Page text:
Ornamental & Turf Insect Note Logo


James R. Baker, Extension Entomologist Emeritus

CAUTION: This information was developed for North Carolina and may not apply to other areas.

LOCUST BORER, Megacyllene robiniae (Forster), Cerambycidae, COLEOPTERA

adult beetleLocust borers are black, long-horned beetles with bright yellow bands across the body. The legs and antennae are reddish yellow. These beetles are about 3.4 inch long. There is no description of the eggs, but the immature stage is a plump, white grub with six tiny legs near the head. The grubs grow to about 1 inch long.



Locust borers are found throughout the United States, and black locust is the only host tree. Locust borers damage black locust by boring into the inner bark and later into the heart wood. Heavily infested trees break apart due to extensive tunnels in the heart wood. Trees growing on poor sites are especially susceptible to locust borer infestations.

drawing of adult and larva

Adult locust borers feed on pollen and are often common on the flowers of goldenrod in August and September. Females lay eggs in crevices of the bark and around wounds. Newly hatched larvae tunnel into the inner bark where they spend the winter. Growth resumes in the spring and the grubs begin to tunnel into the heart wood . The larvae maintain openings to the outside through which they push granular frass (waste products). There is one generation per year. Locust borers tend to attack black locust trees that are young or under stress. Healthy, dominant trees are often unaffected.


  1. Spray trunks and larger limbs with a pesticide from the table below. The first application should be made about mid August and a second 2 or 3 weeks later. Insecticides are generally not very effective, however.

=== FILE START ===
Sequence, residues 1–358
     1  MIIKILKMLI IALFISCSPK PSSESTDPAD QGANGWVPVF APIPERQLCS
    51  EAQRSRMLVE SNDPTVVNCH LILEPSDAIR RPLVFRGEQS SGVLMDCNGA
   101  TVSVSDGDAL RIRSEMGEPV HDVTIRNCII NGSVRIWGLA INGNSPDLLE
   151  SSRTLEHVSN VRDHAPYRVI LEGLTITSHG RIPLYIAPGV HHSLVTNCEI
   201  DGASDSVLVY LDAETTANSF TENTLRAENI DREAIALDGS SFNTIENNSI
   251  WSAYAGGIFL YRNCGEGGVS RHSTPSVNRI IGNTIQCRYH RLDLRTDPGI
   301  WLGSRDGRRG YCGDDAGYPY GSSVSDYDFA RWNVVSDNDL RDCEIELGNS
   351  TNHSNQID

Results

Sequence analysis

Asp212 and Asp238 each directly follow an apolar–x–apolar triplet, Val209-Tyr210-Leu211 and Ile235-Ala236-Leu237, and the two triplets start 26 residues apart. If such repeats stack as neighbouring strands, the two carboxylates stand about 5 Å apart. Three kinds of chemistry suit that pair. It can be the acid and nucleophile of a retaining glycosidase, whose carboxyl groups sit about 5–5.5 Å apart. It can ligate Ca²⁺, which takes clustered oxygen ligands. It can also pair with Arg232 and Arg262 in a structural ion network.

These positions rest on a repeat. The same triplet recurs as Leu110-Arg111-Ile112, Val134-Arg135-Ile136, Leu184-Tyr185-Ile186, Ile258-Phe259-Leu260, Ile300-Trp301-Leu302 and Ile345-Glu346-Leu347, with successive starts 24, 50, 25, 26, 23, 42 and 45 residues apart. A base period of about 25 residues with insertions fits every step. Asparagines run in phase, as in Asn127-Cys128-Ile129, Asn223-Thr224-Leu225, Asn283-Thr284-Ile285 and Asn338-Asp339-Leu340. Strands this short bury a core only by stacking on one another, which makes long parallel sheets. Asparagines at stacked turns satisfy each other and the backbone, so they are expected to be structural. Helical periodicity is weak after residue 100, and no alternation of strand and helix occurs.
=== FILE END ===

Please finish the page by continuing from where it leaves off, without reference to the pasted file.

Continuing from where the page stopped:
2. If the borers are already inside a tree, fumigate using aromatic solvent such as fingernail polish remover. Put the solvent into an oiler or some device that will squirt the solvent into the grub holes. After fumigation, sealing the tunnels with wax or putty helps to hold in the fumes.
  3. Remove and destroy badly infested trees in late fall or early spring.
  4. Select a good site for black locust trees and keep them healthy.
  5. Do not allow livestock to graze in locust plantings.

Pesticide  (Trade Name)  Formulation
permethrin (Astro)

Locust borer not specifically mentioned on label. See label for sites and application information. Not currently labelled for nursery use. Use other permethrin product.

imidacloprid (Merit & others) Imidacloprid has been found helpful in reducing impact of other longhorned beetles. It can be applied as a soil drench at the base of the tree or possibly as a trunk injection. (Imicide)
chlorpyrifos (Dursban Pro, Pageant) Not for use on or near residential. 22.2% emulsifiable concentrate
50% wettable powder or water soluble granular

* Home owners may find permethrin containing products available in stores. Check label for "borer" recommendations.

Useful Link for Biological Information:

USDA Forest Service Leaflet

Other Resources

For assistance with a specific problem, contact your local North Carolina Cooperative Extension Service personnel.

Published by North Carolina Cooperative Extension Service Distributed in furtherance of the Acts of Congress of May 8 and June 30, 1914. Employment and program opportunities are offered to all people regardless of race, color, national origin, sex, age, or disability. North Carolina State University at Raleigh, North Carolina A&T State University, U.S. Department of Agriculture, and local governments cooperating.
© 2001 NC Cooperative Extension Service
Prepared by: James R. Baker Extension Entomologist. Adult photo USDA Clemson.

May 1994 (Revised)

Web page last reviewed January, 2011 by the webperson.